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Foundation

  LCDR Ian Nesbitt

   Military Professor
   War Gaming

        Phone: (401) 841-3225

        Fax:     
(401) 841-6960

        Email:
ian.nesbitt@usnwc.edu



Profile

Lieutenant Commander Nesbitt serves as a Game Director at the U.S. Naval War College, War Gaming Department in Newport, Rhode Island which is tasked to study a wide range of operational and strategic war fighting issues.

At sea, Nesbitt has served on a Destroyer, a Cruiser and a Carrier Strike Group Staff. Assigned to USS Hopper (DDG 70) as Strike Officer, Nesbitt served during her Arabian Gulf maiden deployment and led her Tomahawk Team as Engagement Control Officer during Operation DESERT FOX in 1998. While assigned to Hopper, he was a 1999 winner of the Hawaii Navy League's annual leadership award. Selected as an Early Roller, he graduated from Department Head School with distinction and was frocked to Lieutenant. Detailed to USS San Jacinto (CG 56) Nesbitt served as Weapons Officer then Combat Systems Officer. Twice deployed in San Jacinto, he served as a Tomahawk Tactical Action Officer during the opening salvos of Operation IRAQI FREEDOM as well being the Special Evolution Officer of the Deck for nearly a year. While onboard San Jacinto, Nesbitt was awarded the 2003 Commander Naval Surface Force Atlantic's Junior Officer Award for Excellence in Tactics. From 2005-2006, Nesbitt served as the Flag Secretary for Commander, Carrier Strike Group NINE on board Abraham Lincoln where he deployed to the Western Pacific in support of Theater Cooperation and Security and participated in exercises RIMPAC and FOAL EAGLE.

From June 2008 to February 2009, he deployed to Iraq and served with the 555th and 20th Engineering Brigades (U.S. Army) as their Brigade Electronic Warfare Officer as part of Joint Composite CREW Squadron ONE (JCCS-1), a Navy and Air Force unit supporting Army Electronic Warfare.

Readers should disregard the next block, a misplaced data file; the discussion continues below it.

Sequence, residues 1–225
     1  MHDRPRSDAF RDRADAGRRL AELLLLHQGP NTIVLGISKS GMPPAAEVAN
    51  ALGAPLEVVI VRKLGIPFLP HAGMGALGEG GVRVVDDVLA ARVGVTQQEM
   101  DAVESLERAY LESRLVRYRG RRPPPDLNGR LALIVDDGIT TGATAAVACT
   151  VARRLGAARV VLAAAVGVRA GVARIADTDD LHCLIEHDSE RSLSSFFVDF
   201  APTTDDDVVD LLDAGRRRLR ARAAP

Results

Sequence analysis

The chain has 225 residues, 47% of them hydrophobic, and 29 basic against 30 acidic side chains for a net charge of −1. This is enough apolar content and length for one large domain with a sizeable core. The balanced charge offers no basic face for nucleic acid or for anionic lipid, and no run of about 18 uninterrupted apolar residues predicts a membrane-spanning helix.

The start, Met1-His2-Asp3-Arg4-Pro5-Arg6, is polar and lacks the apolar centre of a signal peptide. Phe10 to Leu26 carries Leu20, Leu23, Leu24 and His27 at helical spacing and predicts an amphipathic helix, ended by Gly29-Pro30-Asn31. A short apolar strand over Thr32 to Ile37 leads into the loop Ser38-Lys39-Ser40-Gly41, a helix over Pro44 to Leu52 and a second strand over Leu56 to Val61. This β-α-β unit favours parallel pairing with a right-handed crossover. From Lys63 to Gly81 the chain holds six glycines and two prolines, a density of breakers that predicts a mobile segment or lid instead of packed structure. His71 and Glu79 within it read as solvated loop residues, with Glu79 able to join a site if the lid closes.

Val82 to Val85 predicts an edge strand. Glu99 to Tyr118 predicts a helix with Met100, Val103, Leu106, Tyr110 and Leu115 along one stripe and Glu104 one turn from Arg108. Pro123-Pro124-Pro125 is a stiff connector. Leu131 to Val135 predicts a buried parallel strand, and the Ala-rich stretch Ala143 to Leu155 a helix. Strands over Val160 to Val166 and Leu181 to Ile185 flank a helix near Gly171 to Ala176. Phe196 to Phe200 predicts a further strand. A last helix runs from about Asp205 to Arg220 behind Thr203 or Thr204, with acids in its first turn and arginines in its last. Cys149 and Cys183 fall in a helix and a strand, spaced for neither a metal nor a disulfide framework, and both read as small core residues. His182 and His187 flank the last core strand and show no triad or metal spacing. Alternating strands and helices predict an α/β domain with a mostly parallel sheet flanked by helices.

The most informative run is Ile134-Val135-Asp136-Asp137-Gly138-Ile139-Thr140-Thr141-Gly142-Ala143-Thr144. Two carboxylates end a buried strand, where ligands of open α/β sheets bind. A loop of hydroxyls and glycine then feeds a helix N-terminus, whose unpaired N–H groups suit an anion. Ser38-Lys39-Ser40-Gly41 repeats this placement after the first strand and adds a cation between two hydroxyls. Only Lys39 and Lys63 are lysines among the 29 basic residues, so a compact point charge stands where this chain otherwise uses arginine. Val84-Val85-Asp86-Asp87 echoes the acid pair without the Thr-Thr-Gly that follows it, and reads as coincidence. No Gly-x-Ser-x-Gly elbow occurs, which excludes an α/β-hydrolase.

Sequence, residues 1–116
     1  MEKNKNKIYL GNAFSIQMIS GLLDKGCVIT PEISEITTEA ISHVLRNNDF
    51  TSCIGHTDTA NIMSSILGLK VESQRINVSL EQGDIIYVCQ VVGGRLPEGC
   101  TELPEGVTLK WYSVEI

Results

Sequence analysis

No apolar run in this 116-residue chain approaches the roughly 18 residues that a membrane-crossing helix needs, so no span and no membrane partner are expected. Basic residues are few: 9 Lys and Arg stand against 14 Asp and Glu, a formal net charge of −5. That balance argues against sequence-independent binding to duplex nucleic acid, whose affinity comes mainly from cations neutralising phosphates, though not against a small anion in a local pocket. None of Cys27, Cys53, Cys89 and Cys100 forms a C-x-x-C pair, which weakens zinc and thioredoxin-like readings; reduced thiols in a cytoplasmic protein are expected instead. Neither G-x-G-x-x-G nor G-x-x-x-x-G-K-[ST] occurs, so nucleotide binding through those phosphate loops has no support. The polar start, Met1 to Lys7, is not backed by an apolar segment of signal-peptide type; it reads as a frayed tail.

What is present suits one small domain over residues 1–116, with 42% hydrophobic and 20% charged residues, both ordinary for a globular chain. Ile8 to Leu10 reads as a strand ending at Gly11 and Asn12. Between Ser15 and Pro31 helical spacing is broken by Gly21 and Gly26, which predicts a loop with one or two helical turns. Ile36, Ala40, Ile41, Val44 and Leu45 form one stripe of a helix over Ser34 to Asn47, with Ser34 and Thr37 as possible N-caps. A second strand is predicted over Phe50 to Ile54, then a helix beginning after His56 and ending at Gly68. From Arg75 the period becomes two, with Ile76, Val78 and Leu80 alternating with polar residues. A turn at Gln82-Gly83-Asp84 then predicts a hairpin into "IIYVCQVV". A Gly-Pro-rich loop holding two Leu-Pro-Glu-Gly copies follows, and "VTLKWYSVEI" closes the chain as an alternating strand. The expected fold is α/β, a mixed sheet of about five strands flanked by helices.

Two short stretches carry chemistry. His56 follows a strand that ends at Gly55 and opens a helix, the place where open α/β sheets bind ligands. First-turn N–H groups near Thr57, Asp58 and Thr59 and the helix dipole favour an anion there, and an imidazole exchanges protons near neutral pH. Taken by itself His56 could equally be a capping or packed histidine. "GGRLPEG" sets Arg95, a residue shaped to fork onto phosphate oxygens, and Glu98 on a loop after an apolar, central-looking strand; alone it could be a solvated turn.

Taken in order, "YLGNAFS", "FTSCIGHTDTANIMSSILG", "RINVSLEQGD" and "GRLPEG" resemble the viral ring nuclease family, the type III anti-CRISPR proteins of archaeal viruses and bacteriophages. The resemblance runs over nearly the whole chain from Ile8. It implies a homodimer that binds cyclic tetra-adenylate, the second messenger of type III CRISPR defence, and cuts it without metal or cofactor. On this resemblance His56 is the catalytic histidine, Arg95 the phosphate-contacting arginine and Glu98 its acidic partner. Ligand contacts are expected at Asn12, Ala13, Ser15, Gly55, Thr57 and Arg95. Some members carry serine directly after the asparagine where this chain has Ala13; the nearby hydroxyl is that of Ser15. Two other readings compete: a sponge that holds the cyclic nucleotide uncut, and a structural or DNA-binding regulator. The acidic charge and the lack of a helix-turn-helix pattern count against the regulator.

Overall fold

Ashore, Nesbitt received his Masters of Arts in National Security Affairs (Middle Eastern Studies) from the Naval Post Graduate School (NPS) in Monterrey, California.  His thesis: "The Instrument-Element Model" provided a framework to analyze and plan war at the grand strategic level and describes why the ethical use of force is so important. While attending NPS, he was selected to present a paper to the University of Calgary's 2005 War and Security academic conference. Between 2008 and 2009, Nesbitt was assigned to the Chief of Naval Operation's staff as the Missile Defense Policy Officer for the Assistant Deputy for Policy and Strategy (OPNAV N5), during the Navy's critical decision to fully field the maritime Ballistic Missile Defense capability. From 2009-2011 Nesbitt served as the Air and Missile Defense cell lead at the Surface Warfare Officers School (SWOS) where he taught shipboard tactics.  After SWOS he reported to the CNO Strategic Studies Group, an operational research and concept generation center tasked to develop revolutionary war fighting concepts.

Nesbitt graduated from the U.S. Naval Academy with a Bachelors of Science (Physics) in 1997. He has been personally decorated with the Bronze Star, six Navy Commendation Medals and two Navy Achievement Medals. Teams he's been a part of have been recognized with the Navy Unit Commendation, Coast Guard Unit Commendation (with the Operational Distinguishing Device), Navy Meritorious Unit Commendation (twice) and the Battle Efficiency E.